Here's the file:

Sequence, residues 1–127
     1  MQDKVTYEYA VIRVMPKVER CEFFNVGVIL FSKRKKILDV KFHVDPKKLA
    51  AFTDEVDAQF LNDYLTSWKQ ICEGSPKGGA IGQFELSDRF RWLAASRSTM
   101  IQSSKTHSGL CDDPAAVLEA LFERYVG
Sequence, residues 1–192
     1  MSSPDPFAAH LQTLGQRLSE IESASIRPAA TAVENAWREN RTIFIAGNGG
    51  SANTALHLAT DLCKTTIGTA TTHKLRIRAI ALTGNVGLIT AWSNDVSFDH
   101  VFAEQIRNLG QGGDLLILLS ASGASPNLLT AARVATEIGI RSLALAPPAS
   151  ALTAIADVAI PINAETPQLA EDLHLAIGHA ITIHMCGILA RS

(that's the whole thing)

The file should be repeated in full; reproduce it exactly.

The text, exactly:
Sequence, residues 1–127
     1  MQDKVTYEYA VIRVMPKVER CEFFNVGVIL FSKRKKILDV KFHVDPKKLA
    51  AFTDEVDAQF LNDYLTSWKQ ICEGSPKGGA IGQFELSDRF RWLAASRSTM
   101  IQSSKTHSGL CDDPAAVLEA LFERYVG
Sequence, residues 1–192
     1  MSSPDPFAAH LQTLGQRLSE IESASIRPAA TAVENAWREN RTIFIAGNGG
    51  SANTALHLAT DLCKTTIGTA TTHKLRIRAI ALTGNVGLIT AWSNDVSFDH
   101  VFAEQIRNLG QGGDLLILLS ASGASPNLLT AARVATEIGI RSLALAPPAS
   151  ALTAIADVAI PINAETPQLA EDLHLAIGHA ITIHMCGILA RS